Figure 4: (a) Flap elevation showing markings. (b) Flap elevation with inclusion of a section of the gastrocnemius muscle. (c) Knee defect covered with a large flap

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Figure 5: Perforator vessel

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The proximally based sural island flap was able to provide ample tissues for coverage. Flap dimensions as large as 16 cm × 12 cm were raised to cover extensive defects. Such large defects would in the past have required either a free flap or a cross-leg flap.[20] The free flap as earlier stated requires microsurgical skills, and there is a challenge with proper selection of recipient vessels around the knee.[4],[21] The cross-leg flap, on the other hand, is associated with severe discomfort from immobilization. There is also an increased risk of deep vein thrombosis and pressure sores.[11] More recently, local perforator flaps have been used with significant advantages due to their low donor morbidity and good esthetic outcome [20] The inferomedial thigh flap based on perforators arising from the descending genicular artery can provide flaps large enough to resurface the entire knee.[22] It, however, requires preoperative evaluation of the perforator vessels [23] as this flap also occasionally suffers from venous congestion sometimes requiring an additional venous microanastomosis with a local vein. Such vascular incidents are uncommon with the proximally based sural island flap. All 15 flaps in our series survived fully, with no vascular incidents. This is a reflection of the reliability of its blood supply. All grafted donor sites healed satisfactorily.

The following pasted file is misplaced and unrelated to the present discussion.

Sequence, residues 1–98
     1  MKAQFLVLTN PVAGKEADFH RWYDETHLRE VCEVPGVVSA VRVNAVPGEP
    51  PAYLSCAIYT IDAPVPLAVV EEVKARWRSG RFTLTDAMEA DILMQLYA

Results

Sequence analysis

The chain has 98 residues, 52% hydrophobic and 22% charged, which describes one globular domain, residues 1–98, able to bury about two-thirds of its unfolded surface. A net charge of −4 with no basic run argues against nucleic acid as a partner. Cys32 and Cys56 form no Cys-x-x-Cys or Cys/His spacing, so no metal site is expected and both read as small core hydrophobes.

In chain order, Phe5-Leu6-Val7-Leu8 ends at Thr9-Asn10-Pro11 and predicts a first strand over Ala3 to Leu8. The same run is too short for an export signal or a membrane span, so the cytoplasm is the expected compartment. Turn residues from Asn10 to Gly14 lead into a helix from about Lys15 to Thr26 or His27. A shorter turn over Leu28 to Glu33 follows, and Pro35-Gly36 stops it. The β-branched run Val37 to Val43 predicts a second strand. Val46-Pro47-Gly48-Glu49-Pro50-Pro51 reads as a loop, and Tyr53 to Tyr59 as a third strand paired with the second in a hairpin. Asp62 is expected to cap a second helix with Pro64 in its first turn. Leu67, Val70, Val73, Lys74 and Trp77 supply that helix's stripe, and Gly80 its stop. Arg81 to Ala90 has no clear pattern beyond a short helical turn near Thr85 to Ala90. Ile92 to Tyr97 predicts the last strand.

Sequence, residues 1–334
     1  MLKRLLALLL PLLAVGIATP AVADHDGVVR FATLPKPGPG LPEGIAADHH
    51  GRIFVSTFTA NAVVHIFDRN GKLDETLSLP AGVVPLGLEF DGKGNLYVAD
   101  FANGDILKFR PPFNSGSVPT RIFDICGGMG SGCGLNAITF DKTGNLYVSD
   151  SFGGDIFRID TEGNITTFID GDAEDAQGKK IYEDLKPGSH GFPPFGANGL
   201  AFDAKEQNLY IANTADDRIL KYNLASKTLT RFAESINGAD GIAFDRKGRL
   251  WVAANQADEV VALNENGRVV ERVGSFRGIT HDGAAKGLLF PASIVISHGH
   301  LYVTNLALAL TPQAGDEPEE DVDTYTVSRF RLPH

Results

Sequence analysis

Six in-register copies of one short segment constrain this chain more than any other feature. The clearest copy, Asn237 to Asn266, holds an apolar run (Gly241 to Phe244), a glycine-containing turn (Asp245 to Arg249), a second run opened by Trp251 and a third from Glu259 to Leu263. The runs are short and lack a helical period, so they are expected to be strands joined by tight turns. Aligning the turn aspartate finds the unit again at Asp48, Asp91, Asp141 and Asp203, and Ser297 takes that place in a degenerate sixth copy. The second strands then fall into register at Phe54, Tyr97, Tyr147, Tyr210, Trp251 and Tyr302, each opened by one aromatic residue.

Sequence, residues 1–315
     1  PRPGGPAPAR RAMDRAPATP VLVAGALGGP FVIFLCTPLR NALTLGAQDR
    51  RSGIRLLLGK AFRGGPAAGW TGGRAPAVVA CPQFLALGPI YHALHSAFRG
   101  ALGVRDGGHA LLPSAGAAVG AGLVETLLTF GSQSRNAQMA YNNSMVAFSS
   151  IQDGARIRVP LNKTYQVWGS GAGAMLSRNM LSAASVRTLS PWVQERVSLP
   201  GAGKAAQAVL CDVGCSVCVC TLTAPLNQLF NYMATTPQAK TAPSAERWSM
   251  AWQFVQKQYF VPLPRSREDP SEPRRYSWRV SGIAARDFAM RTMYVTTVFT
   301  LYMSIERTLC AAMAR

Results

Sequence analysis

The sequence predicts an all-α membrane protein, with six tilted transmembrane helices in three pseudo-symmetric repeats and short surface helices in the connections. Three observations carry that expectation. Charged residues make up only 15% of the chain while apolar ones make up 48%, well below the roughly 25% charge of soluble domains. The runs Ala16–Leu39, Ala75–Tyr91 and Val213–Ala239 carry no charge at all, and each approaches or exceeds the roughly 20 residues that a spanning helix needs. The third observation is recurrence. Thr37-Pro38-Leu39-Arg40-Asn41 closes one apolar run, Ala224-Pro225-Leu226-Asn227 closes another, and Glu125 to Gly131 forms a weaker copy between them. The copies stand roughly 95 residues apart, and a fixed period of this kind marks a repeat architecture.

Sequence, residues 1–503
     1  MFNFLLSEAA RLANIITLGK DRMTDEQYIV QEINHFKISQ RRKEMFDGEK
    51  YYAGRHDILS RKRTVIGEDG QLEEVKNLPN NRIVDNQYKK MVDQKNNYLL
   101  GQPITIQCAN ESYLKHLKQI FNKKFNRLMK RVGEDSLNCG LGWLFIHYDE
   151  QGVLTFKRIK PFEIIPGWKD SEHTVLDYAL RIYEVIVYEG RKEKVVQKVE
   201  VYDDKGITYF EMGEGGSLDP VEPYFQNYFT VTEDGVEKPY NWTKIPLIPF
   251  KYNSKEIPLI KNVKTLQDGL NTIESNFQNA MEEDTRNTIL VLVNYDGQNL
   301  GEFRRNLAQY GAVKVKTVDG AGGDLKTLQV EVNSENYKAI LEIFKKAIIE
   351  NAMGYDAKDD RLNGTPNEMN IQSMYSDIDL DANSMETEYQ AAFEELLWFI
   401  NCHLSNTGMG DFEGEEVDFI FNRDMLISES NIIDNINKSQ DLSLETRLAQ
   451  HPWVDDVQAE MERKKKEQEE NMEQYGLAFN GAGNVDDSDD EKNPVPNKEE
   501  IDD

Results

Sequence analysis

In this series, more than two-thirds of our patients [24] were males. This is typical of trauma-related events, where males are more commonly affected.[25] In the females, we noted that the flaps had more subcutaneous fat than in the males, thus appearing bulkier. The esthetic results, therefore, appeared better in the male patients. Indeed, one of the female patients expressed dissatisfaction with the bulky appearance of the flap. This was, however, easily addressed by liposuction.

Although majority of the defects resulted from road traffic accidents as was the case in similar studies,[1],[25],[26] a significant proportion (33%) resulted from gunshot injuries: in a region not at war, this reflects a high level of violence in our environment where in recent times, the illegal proliferation of light arms and weapons has been an issue of concern. Virtually, all surfaces of the knee (medial, anterior, lateral, and posterior) were involved in these injuries [Figure 3]. The proximally based sural island flap showed good reach, as it was able to address defects involving all surfaces of the knee.


   Conclusion Top


Reconstruction of soft-tissue defects around the knee is quite a challenge. Several methods have been advocated. However, from our study, we found the proximally based sural island fasciocutaneous flap a simple, reliable, and cost-effective method.

Declaration of patient consent

The authors certify that they have obtained all appropriate patient consent forms. In the form the patient(s) has/have given his/her/their consent for his/her/their images and other clinical information to be reported in the journal. The patients understand that their names and initials will not be published and due efforts will be made to conceal their identity, but anonymity cannot be guaranteed.

Financial support and sponsorship

Nil.

Conflicts of interest

There are no conflicts of interest.



 
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    Figures

  [Figure 1], [Figure 2], [Figure 3], [Figure 4], [Figure 5]
 
 
    Tables

  [Table 1]